Disclaimer: No matter what I write, please do your own research. There are a lot of variables you need to think about, but I know those variables are what causes the paralysis, so each recommendation will be followed up with more research to do if you want to do it. This post also assumes that you have little to no debt. If you have too much debt, then get rid off it first.
1. Start an emergency savings account. Go to CapitalOne 360 and open an account using this link. Start the account with more than $250, and this referral link, and we both get $20 for opening a new account. You should put no less than $5K and no more than $10K in it.
- For more research, go to www.bankrate.com and look for the best savings account to get the highest yield for your cash. I know for sure CapitalOne 360 is no longer the type yielding savings account. You should have 6 months worth of expenses saved up, so the $5K-$10K is just super generic.
- For more research, check out www.vanguard.com and www.usaa.com before opening an IRA with Fidelity. Both companies offer Total Stock Market mutual funds with different performances and fees. Also, depending on your age and personal tax situation, you'll need to decide if a ROTH or a Traditional IRA is the right thing for you. Lastly, you'll need to determine your risk profile to see if a pure stock portfolio is the right risk allocation. MOST people would benefit from just sticking to the Total Stock Market mutual funds listed above.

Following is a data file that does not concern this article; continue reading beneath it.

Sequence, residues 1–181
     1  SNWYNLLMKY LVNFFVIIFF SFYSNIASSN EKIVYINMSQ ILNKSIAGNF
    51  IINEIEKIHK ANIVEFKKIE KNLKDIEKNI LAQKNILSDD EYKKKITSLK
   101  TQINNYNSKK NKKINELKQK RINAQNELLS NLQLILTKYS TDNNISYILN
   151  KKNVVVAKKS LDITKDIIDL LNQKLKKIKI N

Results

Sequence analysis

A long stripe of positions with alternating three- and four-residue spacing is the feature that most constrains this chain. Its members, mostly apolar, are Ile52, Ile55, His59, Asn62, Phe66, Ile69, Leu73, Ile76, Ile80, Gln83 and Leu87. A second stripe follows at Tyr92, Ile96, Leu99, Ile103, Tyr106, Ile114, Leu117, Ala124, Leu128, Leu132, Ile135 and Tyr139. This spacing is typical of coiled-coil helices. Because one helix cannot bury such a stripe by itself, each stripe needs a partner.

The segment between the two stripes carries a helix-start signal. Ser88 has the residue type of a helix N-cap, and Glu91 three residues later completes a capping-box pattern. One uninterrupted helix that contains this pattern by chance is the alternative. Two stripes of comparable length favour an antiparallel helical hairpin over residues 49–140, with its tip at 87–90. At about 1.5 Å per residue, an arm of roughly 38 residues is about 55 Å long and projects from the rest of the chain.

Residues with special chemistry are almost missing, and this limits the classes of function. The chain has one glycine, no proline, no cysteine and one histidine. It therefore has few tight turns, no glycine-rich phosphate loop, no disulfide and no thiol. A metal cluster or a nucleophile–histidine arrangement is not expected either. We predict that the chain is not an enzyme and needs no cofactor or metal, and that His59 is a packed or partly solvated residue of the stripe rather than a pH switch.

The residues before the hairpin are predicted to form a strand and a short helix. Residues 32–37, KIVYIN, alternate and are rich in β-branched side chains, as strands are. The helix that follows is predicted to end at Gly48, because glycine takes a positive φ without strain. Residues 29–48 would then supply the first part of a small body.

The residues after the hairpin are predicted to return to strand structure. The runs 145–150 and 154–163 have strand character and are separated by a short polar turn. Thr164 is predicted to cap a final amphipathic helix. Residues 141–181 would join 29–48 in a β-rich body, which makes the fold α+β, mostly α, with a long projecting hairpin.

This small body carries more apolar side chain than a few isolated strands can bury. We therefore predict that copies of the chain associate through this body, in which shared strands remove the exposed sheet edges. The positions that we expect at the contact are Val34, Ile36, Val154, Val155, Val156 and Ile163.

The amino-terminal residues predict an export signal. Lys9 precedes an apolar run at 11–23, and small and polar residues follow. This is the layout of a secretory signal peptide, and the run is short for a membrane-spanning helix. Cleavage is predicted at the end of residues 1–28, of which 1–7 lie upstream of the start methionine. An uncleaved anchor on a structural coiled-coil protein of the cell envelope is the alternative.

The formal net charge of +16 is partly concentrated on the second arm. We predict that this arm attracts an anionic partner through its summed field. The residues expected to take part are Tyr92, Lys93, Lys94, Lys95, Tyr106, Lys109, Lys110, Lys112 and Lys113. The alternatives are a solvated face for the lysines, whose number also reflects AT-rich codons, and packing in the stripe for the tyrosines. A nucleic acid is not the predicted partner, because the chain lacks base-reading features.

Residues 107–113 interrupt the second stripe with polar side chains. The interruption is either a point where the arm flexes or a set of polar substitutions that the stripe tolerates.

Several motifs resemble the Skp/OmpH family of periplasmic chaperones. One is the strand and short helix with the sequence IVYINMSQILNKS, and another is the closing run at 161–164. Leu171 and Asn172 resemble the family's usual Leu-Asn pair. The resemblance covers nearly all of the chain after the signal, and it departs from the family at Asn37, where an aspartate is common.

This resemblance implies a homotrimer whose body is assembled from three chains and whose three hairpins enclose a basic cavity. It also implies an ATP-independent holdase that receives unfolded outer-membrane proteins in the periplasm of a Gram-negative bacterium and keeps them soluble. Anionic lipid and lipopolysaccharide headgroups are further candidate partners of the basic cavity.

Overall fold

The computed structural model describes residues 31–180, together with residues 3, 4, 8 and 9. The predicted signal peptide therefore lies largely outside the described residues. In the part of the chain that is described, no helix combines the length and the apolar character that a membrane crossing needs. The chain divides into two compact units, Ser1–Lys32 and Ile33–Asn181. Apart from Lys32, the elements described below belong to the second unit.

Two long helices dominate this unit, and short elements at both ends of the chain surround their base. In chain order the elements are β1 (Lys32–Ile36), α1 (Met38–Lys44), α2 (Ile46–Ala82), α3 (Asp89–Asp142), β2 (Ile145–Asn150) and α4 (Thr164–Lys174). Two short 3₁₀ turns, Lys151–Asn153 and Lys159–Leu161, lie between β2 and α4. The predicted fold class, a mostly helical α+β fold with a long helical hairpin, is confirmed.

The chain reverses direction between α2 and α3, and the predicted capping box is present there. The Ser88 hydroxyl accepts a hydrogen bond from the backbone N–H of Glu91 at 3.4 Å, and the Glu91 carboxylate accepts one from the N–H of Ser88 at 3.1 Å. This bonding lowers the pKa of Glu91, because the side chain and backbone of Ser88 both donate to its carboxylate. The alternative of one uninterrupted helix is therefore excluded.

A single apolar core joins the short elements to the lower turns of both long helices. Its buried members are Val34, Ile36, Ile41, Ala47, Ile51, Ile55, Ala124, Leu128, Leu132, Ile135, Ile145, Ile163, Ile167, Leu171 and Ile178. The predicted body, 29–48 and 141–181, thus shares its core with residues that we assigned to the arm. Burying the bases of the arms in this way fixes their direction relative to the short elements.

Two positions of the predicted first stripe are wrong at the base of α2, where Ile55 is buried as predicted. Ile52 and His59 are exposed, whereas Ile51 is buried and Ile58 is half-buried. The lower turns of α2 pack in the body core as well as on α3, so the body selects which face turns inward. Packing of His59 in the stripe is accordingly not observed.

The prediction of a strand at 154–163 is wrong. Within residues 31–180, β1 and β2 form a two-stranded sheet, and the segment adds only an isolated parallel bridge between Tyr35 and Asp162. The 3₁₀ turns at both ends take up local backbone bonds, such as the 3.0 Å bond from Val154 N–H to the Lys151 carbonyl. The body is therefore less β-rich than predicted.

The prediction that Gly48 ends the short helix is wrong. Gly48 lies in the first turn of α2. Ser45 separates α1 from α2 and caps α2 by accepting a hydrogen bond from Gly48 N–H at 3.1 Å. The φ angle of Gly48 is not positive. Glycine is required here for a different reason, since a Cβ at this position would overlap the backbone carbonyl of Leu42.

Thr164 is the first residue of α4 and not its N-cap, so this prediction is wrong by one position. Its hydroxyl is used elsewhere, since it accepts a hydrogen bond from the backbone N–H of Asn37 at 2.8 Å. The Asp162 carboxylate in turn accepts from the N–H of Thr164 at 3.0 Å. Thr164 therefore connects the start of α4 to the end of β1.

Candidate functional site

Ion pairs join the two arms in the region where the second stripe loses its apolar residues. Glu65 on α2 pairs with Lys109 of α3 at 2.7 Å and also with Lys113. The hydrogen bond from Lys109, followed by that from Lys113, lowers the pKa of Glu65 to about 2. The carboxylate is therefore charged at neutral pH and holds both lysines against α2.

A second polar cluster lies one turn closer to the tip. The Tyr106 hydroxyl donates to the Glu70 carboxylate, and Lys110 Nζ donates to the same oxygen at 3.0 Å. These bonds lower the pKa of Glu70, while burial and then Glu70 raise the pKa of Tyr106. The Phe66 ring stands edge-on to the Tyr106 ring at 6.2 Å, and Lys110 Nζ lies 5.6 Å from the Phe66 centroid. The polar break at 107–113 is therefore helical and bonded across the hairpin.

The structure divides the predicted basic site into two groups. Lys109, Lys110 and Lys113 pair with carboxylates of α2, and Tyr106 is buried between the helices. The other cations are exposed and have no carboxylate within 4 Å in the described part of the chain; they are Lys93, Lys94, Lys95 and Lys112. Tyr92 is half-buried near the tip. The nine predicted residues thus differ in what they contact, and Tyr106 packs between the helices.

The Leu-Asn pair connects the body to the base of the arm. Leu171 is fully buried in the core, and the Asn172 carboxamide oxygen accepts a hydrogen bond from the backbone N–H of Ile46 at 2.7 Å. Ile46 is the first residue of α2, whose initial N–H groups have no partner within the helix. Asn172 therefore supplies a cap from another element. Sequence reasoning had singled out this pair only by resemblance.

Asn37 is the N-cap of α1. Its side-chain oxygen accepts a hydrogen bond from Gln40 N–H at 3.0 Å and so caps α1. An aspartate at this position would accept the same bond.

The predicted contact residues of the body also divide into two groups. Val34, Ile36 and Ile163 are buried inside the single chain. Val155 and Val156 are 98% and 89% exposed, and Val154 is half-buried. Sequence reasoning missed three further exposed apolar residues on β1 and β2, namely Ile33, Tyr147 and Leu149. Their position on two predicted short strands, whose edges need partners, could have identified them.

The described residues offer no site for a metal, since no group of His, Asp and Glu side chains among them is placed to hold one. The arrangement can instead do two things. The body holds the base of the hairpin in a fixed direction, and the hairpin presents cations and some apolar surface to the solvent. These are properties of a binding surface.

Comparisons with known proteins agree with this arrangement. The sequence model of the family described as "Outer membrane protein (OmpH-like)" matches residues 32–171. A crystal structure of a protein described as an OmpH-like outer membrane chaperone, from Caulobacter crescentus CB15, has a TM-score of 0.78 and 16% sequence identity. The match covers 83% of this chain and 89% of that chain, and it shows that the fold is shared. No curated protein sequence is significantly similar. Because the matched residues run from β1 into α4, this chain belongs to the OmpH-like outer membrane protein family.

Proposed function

- Not many people have money left after starting an emergency fund and maxing out an IRA. If you do, then that's great, so you'll definitely want to take advantage of the TSP. You don't want to put 100% of your money into retirement accounts so you can save for short- and medium-term goals.
- Just like for military members, you'll definitely want to make sure you're not putting 100% of your savings into retirement accounts.
Hopefully I helped take some of that click paralysis away. Just do exactly what I wrote here and you'll be ahead of 90% of the population in your income bracket.